Career & Technical Education Month Spotlights Donlon McGovern
This month, Moberly Area Community College would like to share our success stories of alumni in a variety of Career and Technical Education Programs. They are the true testimony of how an Associate’s Degree or a Certificate can provide a rewarding and financially stable career.
Our first alumnus is Donlon E. McGovern. Donlon graduated from MACC in 2016 with an Associate of Applied Science Degree in Computer Information Technology/ dual major in both networking and programming. He is currently employed with Inter-State Studio & Publishing Co. as a Database Administrator.
When asked what called him to this career field of Information Technology, he responded that he had always been fascinated by computers and wanted to learn more about them. He chose MACC due to the location and since he had grown up in central Missouri, he wanted to stay close. He also added that he had thought about automotive technician training when he was in high school, so Information Technology was a completely different career path from his teen-aged years.
Mr. Rich Bright, CIT Associate Professor presented Donlon as an exemplary alumnus to showcase from this program. He adds “Don was an exceptional student who brought the discipline he learned in the Marines into the classroom. Many students are not sure if they find programming or networking career paths more satisfying. Don jumped into both with vigor.” About one third of MACC IT students flip from networking to programming or vice-a-versa, but in about equal numbers. Only about 10 percent of students tackle both degree plans. Those dual majors often pursue Database Administration or Cybersecurity.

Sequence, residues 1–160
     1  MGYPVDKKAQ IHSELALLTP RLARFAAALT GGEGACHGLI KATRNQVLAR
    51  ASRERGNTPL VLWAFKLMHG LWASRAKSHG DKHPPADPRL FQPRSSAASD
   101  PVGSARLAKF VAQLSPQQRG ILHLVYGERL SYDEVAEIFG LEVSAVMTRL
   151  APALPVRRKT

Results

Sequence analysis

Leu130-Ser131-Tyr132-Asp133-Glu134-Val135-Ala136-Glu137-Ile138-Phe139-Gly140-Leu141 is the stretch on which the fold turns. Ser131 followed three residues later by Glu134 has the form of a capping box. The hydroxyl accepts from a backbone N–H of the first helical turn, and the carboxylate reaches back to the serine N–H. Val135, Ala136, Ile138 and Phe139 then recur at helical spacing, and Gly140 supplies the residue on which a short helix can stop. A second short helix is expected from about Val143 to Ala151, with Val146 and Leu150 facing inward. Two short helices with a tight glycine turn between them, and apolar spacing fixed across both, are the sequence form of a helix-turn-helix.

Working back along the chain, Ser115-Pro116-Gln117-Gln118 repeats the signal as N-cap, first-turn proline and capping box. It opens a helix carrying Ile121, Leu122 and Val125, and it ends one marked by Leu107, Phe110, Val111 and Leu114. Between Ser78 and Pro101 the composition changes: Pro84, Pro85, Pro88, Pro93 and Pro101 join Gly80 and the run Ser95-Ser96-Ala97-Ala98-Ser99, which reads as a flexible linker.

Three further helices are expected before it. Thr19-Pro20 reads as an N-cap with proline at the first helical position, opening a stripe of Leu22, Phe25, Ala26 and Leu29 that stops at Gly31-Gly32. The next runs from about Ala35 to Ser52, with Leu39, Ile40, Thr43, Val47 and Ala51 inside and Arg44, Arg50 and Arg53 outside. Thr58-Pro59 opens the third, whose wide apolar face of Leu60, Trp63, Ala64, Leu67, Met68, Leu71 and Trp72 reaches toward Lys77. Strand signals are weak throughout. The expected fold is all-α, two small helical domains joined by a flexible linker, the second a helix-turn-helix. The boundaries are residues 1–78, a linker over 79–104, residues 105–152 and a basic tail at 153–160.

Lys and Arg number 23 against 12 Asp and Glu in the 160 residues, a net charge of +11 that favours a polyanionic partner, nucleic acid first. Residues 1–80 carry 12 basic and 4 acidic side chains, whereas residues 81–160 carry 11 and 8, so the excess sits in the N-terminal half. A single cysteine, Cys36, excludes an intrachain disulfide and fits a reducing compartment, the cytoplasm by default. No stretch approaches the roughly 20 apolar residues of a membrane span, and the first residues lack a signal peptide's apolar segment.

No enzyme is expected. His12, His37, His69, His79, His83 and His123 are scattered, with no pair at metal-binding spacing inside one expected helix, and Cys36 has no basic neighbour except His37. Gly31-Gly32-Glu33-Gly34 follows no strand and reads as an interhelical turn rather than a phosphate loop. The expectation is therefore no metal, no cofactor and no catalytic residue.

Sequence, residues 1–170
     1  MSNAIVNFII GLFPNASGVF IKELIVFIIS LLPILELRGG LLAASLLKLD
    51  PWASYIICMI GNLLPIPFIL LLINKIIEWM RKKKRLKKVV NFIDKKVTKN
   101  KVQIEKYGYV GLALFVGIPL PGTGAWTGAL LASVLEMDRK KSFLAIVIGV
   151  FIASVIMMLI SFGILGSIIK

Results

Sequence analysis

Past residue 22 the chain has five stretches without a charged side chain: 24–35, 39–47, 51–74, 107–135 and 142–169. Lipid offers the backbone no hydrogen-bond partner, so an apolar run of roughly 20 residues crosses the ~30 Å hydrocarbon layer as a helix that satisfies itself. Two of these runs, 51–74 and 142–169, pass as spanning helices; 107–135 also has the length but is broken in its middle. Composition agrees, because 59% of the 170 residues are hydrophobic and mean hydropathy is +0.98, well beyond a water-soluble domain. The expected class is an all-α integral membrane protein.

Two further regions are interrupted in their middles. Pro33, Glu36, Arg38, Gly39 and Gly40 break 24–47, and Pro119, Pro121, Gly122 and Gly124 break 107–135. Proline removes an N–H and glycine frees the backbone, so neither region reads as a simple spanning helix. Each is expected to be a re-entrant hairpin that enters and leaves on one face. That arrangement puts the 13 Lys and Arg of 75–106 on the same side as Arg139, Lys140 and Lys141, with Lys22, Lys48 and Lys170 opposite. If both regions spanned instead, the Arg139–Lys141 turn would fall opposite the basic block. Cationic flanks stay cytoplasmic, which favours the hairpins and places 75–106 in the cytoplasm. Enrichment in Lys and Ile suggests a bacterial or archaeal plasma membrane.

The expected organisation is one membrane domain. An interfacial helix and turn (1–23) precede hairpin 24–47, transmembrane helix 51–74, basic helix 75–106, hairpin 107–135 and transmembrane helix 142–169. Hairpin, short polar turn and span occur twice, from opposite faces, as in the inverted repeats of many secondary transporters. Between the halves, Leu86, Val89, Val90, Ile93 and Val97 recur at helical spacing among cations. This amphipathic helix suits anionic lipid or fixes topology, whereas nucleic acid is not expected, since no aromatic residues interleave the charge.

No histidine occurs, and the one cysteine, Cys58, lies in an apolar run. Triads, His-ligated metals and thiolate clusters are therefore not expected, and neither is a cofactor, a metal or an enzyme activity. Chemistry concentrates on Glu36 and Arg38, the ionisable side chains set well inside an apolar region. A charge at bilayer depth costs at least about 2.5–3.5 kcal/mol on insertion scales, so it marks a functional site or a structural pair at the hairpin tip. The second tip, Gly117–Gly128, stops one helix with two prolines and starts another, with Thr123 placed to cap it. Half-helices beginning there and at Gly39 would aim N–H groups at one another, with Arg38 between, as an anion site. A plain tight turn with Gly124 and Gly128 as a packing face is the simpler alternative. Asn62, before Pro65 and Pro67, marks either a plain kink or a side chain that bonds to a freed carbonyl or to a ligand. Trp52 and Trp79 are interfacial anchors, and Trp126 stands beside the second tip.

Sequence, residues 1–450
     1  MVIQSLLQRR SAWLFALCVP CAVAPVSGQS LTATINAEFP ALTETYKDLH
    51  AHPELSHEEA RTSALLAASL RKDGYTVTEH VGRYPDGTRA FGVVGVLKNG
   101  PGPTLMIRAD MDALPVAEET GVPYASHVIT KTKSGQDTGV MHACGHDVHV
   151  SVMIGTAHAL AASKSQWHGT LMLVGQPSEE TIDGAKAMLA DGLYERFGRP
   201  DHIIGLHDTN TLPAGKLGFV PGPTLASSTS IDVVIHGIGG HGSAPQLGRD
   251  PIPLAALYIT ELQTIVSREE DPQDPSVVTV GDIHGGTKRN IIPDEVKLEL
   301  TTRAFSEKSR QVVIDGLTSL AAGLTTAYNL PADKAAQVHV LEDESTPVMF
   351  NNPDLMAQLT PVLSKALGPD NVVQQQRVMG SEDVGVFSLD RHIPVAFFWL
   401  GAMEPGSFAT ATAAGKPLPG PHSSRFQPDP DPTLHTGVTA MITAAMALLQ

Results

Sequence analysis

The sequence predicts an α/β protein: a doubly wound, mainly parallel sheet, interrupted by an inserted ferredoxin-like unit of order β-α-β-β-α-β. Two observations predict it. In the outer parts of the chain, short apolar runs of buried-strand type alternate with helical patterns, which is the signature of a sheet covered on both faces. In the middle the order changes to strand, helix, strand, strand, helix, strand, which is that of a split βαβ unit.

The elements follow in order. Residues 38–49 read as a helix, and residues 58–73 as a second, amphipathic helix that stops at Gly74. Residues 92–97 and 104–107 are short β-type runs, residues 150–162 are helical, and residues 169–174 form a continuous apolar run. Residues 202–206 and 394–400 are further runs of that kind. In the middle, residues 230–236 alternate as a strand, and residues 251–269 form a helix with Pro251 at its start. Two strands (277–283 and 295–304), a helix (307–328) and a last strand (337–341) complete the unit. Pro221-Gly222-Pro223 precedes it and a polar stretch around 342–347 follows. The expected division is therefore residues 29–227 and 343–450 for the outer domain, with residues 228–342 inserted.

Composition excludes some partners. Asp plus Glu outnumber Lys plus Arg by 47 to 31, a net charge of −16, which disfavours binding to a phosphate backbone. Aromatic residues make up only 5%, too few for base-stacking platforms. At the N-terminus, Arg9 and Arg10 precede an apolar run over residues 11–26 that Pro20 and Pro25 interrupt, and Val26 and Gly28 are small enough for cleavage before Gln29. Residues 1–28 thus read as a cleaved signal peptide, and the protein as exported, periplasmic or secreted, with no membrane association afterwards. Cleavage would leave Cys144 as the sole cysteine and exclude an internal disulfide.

According to Forbes Magazine, if you’re anything like the average working person, you can expect to change careers five to seven times in your life. That’s a lot of change… The best way to be prepared for it is to make a plan! Having a career plan is vital to your career success. The most successful people, such as Tim Ferriss, Jeff Bezos and Mark Zuckerberg, all regularly come up with plans for their career success… And look where it’s gotten them. Career planning is simply knowing your interests and skills and matching them to where you want to be. Seems like Donlon did the same thing!
Our interview continued with a few other questions to dig deep into information that could be shared with our readers:
- What is your greatest memory/achievement in this CTE Program? “Hanging out after class and helping the instructors with little odd jobs.”
- What has been the greatest challenge in this career field? Legacy software.
- What advice would you give others about pursuing this career field/degree program? Learn its history. Lots of trends seem to be rediscoveries or repeated mistakes.
- Is there room for advancement or do you feel you will need a Bachelor’s Degree? I have decided to pursue my Bachelor’s Degree, but it is NOT necessary for advancement in my company.
- Are there any certifications required for this position? It depends on the employer and technologies being utilized. My employer does NOT require any certifications. Some certifications are the Microsoft Certified Solutions Associate (MCSA): SQL 2016 Database Administration Certification and the Oracle Database 12c Administration Certification.